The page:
“Super Bacteria” Found in Rio’s Water


CNN has reported an article titled “’Super Bacteria’ Discovered in Rio’s Waters as Olympics Near.” The article points out that a drug-resistant bacteria has been found in the waters of Rio de Janeiro, Brazil. The Summer Olympics are scheduled to be held in Rio in August, and the sailing competitions are scheduled for Guanabara Bay, where the bacteria has been identified.

The article explains that untreated hospital sewage gets into Rio’s municipal sewage, which leads to the pollution. Rio’s water utility company, Cedae, points out that it now treats 51 percent of the city’s sewage, up from the 11 percent that was treated seven years ago.

The article concludes by stating that although the Olympics are a month away, it is too early to determine what threat the bacteria poses to athletes and tourists. “We still need more studies to tell what would be the risk to human health of this exposure through the water,” researcher Renata Picao said.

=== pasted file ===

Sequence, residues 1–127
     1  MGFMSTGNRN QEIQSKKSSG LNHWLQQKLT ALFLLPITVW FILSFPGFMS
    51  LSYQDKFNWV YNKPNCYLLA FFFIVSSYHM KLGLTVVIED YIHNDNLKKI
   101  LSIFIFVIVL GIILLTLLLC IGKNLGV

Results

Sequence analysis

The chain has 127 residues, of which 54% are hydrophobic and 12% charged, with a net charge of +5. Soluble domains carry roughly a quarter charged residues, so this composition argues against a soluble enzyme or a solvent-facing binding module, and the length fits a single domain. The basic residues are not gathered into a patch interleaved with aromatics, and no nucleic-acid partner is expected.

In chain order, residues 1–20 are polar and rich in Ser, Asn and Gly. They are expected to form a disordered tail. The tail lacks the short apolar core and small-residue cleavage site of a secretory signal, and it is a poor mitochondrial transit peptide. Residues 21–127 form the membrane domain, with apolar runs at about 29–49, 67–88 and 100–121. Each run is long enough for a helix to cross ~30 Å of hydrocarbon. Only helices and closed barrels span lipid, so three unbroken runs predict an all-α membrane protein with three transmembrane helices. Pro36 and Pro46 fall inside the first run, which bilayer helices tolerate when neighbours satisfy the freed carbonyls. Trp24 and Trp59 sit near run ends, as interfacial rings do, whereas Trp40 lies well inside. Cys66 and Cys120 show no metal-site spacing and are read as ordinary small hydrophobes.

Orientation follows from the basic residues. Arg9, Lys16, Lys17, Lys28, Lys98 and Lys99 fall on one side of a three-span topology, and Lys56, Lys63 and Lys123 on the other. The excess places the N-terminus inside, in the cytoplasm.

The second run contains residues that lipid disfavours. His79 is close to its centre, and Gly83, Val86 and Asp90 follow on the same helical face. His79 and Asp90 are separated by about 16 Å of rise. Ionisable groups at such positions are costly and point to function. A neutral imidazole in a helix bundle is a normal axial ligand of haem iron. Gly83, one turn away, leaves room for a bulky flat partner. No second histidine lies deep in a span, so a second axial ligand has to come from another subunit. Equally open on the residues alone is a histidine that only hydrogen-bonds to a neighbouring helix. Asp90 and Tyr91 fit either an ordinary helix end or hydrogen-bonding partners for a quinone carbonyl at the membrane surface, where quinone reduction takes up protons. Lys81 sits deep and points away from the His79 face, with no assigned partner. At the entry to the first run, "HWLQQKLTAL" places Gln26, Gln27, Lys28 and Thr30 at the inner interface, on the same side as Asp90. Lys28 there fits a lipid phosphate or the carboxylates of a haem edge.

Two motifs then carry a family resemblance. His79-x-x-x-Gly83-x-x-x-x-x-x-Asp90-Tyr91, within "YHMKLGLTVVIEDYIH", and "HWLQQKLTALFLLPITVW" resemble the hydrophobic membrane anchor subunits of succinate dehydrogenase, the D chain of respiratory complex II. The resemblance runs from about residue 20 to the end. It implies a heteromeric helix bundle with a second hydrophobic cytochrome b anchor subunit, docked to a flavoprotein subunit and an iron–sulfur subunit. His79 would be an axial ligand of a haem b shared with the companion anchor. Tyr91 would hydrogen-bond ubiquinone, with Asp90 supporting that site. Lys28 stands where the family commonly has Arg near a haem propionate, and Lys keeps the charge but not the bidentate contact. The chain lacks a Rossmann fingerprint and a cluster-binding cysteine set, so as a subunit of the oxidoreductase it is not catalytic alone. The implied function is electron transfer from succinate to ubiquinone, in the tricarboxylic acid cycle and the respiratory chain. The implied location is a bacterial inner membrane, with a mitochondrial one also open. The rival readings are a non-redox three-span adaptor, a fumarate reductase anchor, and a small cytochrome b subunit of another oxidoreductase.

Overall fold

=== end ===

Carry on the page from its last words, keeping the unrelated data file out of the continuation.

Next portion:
Read the article here.

Questions for discussion:

  1. Should competitions scheduled to be held in bacteria-filled waters be relocated? What are the challenges involved with doing this?
  2. Thousands of tourists and athletes may be exposed to the bacteria by entering Rio’s waters. How does this make you feel?
  3. Does the International Olympic Committee (IOC) have any responsibility to clean Rio’s waters prior to the games? What reasons support your answer?
  4. What effects could problems with the Olympics have on Brazil’s economy?
  5. Does the Brazilian government have a responsibility to inform tourists and athletes of these risks? Explain the reasoning for your answer.


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2018-06-18T20:04:45-05:00 July 6th, 2016|BIology, Current Events, News, Science|0 Comments

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